InfoSec-Specific Executive Development for
CISOs and Aspiring Security Leaders.
Live Faculty-led instruction and interactive
labs to build you and your team's InfoSec skills
This piece breaks down software license terminology and provides three different open-source license considerations for use in internal and commercial software projects.
Software licenses use a wide range of terminology. Some terms to understand include:
Open-source licenses have three main considerations:
READ: Secure Coding Basics for Developers
With respect to the various license considerations, some licenses can be easier to use than others. In general, most open-source licenses can be used safely for internal projects, because the license restrictions are typically only applied with respect
to software distribution. The distribution of open-source software can get very tricky, especially for larger works that are made up of many different projects.
In general, most open-source licenses are designed for sharing and have concessions for commercial use. However, it is wise to avoid mixing different restrictive licenses in the same project because there are cases where licenses have competing language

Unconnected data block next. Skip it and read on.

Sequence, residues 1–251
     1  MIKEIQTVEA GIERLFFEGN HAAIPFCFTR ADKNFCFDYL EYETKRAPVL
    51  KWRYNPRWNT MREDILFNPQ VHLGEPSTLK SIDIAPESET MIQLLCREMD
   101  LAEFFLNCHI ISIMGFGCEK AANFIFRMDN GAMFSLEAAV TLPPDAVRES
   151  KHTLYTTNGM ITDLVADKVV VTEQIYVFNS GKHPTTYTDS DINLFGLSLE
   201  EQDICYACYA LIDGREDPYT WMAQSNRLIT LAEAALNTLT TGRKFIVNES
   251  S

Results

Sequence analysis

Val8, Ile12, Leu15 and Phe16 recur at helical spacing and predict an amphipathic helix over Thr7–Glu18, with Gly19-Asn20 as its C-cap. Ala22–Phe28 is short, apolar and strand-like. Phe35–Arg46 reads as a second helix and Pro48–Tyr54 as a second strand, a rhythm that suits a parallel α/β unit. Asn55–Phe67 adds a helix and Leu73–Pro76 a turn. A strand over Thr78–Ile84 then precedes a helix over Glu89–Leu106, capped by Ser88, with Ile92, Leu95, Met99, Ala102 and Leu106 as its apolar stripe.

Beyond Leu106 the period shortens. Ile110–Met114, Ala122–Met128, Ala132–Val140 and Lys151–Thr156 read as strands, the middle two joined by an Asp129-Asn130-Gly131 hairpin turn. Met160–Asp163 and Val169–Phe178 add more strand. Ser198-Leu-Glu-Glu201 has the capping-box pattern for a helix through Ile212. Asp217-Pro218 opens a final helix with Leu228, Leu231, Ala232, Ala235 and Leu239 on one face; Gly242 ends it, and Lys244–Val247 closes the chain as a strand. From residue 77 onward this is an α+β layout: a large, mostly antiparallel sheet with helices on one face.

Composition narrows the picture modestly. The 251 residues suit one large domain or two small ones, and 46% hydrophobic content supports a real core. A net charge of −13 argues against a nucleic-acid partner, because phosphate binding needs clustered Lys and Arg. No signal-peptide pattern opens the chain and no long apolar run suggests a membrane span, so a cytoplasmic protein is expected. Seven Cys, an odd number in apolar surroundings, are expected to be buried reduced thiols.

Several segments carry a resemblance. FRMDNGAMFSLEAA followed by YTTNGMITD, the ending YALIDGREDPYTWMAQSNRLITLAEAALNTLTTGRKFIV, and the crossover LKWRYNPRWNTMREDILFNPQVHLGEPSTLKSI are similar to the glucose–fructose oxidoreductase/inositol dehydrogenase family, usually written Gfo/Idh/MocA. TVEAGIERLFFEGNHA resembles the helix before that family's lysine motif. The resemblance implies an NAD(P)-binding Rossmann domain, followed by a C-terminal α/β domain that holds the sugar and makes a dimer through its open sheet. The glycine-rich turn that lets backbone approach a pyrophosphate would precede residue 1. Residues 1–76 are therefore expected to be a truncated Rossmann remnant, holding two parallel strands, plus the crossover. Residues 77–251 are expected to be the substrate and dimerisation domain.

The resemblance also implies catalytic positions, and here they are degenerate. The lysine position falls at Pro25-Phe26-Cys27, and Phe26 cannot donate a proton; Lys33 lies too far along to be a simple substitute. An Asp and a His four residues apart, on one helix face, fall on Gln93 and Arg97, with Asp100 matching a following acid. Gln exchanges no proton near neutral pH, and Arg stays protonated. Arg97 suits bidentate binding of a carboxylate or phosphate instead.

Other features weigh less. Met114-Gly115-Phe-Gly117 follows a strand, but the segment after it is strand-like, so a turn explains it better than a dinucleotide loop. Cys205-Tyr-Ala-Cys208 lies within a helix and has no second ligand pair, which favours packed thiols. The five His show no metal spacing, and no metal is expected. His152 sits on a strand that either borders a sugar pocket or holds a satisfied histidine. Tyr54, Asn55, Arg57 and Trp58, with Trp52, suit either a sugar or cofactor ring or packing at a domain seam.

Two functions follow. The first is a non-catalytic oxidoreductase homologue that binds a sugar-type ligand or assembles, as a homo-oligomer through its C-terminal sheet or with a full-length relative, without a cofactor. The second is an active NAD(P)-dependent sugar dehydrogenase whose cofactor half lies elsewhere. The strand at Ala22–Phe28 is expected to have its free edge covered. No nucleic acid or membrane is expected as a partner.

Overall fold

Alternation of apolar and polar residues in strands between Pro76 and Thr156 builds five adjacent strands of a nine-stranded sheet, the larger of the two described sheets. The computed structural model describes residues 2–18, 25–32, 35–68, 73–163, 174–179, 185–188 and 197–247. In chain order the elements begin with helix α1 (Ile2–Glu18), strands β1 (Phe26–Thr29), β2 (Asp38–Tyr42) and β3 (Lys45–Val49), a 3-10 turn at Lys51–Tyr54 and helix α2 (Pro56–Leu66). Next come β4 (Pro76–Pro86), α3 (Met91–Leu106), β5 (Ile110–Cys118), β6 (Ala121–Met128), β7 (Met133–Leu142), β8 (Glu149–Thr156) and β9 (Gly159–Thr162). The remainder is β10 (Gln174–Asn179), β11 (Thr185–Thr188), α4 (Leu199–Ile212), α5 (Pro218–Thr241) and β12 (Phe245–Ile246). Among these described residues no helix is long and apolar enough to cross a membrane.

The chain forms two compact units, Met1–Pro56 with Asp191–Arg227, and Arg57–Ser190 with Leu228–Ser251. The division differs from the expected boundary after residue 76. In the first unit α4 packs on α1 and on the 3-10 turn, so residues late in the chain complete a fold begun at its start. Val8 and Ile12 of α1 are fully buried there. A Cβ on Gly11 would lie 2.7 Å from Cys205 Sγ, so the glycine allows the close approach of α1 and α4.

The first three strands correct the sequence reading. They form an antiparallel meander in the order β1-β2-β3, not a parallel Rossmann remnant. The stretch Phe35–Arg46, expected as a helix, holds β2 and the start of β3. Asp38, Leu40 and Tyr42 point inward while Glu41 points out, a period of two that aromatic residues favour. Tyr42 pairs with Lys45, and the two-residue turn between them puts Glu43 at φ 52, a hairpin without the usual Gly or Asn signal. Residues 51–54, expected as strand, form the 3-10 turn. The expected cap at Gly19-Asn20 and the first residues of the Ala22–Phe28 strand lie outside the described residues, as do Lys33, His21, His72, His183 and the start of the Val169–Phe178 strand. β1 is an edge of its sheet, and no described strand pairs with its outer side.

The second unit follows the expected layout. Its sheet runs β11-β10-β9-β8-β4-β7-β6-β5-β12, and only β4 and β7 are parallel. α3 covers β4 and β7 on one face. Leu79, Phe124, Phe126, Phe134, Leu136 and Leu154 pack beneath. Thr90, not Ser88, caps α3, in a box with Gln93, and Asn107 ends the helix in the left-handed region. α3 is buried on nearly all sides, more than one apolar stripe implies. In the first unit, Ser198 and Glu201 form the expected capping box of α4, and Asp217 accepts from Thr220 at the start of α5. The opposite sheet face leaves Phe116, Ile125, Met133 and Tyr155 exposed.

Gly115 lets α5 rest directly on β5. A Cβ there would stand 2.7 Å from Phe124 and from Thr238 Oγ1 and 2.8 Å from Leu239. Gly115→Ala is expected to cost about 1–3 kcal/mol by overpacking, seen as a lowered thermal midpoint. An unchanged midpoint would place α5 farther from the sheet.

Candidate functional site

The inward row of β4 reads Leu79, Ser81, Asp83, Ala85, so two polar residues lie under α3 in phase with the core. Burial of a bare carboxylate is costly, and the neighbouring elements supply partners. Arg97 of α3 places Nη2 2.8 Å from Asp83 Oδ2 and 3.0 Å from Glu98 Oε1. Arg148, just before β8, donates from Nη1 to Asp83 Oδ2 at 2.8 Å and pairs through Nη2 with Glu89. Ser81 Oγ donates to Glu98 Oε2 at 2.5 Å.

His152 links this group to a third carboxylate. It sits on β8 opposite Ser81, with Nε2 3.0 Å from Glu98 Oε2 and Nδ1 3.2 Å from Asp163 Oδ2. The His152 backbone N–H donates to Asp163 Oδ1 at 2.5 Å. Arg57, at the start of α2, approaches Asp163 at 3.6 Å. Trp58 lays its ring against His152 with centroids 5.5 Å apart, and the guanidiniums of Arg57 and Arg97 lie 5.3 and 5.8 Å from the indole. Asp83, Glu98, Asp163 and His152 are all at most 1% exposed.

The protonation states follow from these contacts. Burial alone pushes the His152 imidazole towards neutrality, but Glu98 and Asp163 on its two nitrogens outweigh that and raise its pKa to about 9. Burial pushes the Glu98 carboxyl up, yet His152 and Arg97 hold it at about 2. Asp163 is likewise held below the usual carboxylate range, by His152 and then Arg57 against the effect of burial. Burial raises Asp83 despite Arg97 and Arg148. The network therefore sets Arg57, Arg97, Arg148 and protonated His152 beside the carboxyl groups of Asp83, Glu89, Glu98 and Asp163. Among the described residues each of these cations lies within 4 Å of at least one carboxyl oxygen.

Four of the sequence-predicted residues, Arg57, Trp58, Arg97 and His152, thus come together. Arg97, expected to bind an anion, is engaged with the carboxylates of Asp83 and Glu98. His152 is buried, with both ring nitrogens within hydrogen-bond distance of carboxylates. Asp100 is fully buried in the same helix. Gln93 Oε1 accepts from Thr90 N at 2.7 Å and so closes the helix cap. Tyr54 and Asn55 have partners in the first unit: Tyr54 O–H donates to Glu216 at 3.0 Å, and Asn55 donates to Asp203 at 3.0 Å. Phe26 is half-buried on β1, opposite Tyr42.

(e.g., GPL and CDDL).
Although reasonable efforts will be made to ensure the completeness and accuracy of the information contained in our blog posts, no liability can be accepted by IANS or our Faculty members for the results of any actions taken by individuals or firms in connection with such information, opinions, or advice.
May 19, 2022
By IANS Faculty
Understand potential security risks for executives on social media. Find information on attack trends and guidelines to help identify potential attacks and keep both social media accounts and the organization secure.
May 17, 2022
Learn how to make progress with zero trust, including common zero trust use cases, success stories, tooling guidance and tips for effectiveness.
May 12, 2022
Gain an understanding of the role executives play in incident response (IR). Find guidance on key actions to take before, during and after a security incident.